Singapore leaders have sued or won damages in the past from foreign media groups including the Economist, International Herald Tribune and Bloomberg.

(Reporting by Koh Gui Qing; Editing by Neil Chatterjee and Jerry Norton)

Singaporean opposition party ordered to pay PM

By ALEX KENNEDY,Associated Press Writer

SINGAPORE, Oct 14 - Singapore's High Court ruled that an opposition party and two of its leaders must pay 610,000 Singapore dollars (US$416,000) in defamation damages to Prime Minister Lee Hsien Loong and his father, former Prime Minister Lee Kuan Yew.

The court on Monday ordered the Singapore Democratic Party and its general-secretary, Chee Soon Juan, to pay damages related to criticism published in 2006 in the party's newspaper.

The story, which questioned the government for its handling of a scandal at the National Kidney Foundation charity, was deemed libelous, according to court documents.

The ruling may bankrupt the Singapore Democratic Party and force it out of existence, the party said in a statement on its Web site.

"The Singapore Democrats stand firm in our conviction to continue to speak up for Singaporeans no matter what happens," the party said.

Chee Soon Juan was forced into bankruptcy in 2006 by a US$300,000 ruling against him for defaming Lee Kuan Yew and former Prime Minister Goh Chok Tong.

Opposition leaders contend that defamation laws are applied selectively to silence criticism while the government says restrictions on speech and assembly are necessary to preserve economic prosperity and racial stability of this multiethnic city-state of 4.8 million people.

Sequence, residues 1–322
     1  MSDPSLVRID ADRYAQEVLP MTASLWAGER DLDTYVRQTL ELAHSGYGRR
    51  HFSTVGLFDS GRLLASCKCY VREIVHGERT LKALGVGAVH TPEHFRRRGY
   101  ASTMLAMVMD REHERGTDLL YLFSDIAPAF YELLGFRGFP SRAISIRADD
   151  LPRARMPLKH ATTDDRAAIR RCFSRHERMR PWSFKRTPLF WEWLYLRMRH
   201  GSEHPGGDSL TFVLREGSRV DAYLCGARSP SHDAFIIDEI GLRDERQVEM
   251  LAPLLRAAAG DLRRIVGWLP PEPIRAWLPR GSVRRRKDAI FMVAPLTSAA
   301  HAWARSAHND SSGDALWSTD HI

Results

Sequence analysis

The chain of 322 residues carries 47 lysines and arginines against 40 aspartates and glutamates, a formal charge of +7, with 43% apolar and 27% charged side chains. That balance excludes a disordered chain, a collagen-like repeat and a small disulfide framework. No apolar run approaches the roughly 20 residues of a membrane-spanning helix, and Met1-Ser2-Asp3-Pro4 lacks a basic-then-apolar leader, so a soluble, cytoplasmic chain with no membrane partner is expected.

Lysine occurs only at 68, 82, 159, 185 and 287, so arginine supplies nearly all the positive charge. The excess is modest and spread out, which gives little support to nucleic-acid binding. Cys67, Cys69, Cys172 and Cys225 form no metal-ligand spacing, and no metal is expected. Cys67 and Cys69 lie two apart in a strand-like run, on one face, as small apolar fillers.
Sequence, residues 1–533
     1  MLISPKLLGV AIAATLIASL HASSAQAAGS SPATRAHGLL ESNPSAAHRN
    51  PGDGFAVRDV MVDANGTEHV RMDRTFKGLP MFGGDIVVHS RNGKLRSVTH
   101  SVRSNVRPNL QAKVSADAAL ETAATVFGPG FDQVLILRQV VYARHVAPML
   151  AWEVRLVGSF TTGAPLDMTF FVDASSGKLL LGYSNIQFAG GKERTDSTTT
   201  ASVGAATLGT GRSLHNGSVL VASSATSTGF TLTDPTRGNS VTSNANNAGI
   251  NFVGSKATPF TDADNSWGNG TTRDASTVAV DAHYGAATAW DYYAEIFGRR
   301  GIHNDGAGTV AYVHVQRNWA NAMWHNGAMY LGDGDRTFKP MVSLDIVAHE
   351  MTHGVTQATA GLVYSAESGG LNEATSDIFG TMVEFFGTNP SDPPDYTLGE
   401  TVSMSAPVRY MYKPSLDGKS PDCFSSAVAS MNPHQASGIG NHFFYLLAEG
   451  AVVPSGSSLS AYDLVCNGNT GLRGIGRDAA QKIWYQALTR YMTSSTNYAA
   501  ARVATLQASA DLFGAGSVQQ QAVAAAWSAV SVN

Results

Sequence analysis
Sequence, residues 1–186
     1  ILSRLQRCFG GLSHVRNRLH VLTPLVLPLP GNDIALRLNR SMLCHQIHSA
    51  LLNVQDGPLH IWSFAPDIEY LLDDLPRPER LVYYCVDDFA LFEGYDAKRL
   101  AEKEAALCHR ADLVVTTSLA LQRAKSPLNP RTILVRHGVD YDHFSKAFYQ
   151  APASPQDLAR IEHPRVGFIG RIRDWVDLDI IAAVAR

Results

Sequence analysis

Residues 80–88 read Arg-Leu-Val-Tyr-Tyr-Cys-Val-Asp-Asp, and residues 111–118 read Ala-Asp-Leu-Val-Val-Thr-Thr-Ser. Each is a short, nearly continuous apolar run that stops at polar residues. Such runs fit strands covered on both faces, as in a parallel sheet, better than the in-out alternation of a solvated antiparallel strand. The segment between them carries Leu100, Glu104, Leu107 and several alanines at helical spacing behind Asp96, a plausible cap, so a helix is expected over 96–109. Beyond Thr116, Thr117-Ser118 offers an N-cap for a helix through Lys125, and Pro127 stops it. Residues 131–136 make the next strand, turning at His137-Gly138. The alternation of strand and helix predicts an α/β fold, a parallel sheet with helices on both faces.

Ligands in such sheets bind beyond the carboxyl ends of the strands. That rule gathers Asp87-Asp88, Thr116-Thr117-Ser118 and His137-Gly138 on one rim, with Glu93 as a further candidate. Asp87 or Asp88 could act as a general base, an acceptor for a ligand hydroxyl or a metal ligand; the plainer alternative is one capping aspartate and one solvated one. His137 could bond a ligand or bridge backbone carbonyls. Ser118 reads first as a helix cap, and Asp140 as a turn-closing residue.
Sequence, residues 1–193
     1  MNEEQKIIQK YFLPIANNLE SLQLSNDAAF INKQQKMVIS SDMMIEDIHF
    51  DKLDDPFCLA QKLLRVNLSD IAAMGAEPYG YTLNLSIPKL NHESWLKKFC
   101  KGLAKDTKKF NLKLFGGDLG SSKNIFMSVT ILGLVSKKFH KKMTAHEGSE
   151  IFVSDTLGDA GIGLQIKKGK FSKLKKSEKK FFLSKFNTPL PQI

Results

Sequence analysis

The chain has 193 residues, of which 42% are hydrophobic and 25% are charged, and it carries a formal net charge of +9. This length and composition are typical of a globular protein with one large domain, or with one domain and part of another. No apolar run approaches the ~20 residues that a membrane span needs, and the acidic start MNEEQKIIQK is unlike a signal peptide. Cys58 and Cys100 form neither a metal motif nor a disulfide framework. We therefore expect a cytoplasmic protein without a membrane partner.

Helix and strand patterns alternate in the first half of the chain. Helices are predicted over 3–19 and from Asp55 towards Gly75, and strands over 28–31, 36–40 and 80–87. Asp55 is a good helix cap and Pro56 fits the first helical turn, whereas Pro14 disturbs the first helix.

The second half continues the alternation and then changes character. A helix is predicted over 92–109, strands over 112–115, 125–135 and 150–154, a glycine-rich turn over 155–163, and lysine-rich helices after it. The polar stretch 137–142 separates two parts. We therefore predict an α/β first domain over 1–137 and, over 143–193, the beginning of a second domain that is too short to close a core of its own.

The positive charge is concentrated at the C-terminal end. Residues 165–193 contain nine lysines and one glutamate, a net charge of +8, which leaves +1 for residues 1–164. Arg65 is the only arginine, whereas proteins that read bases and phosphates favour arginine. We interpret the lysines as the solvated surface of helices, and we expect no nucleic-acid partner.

Singapore's leaders have sued journalists and political opponents several times in past years for alleged defamation. They have won lawsuits and damages against Bloomberg, the Economist and the International Herald Tribune.

MM, PM awarded $610,000 in damages

TODAY, October 14, 2008

THE High Court has ordered the Singapore Democratic Party, Dr Chee Soon Juan and his sister, Ms Chee Siok Chin, to pay Prime Minister Lee Hsien Loong and Minister Mentor Lee Kuan Yew $330,000 and $280,000, respectively, for defamatory articles published in the opposition party’s newsletter in February 2006.

PM Lee and MM Lee would have been awarded $500,000 and $450,000, but the court took into account the $170,000 each leader had received in 2006 from six of the opposition party leaders and three other central executive committee members who had apologised for the articles in The New Democrat.

In a written judgment released yesterday, Justice Belinda Ang said that the “allegations ... were the gravest imaginable” and the libel was “as serious ... as any allegation which imputed dishonesty could be”.

The libel was exacerbated by SDP secretary-general Dr Chee Soon Juan and central executive committee member Chee Siok Chin’s “insulting behaviour and disgraceful conduct” during cross-examination, the judge said.

The questions the Chee siblings posed were irrelevant to the assessment hearing and were only “meant to discredit, insult, embarrass and humiliate” the two leaders in public, the judge added.

Dr Chee and his sister — who are both bankrupts — had already been jailed 12 and 10 days in June after being found guilty of contempt of court.

The two defamatory articles, in English and Chinese, were published before the 2006 General Election. In them, numerous comparisons were made between the National Kidney Foundation scandal and how the Government was run. TEO XUANWEI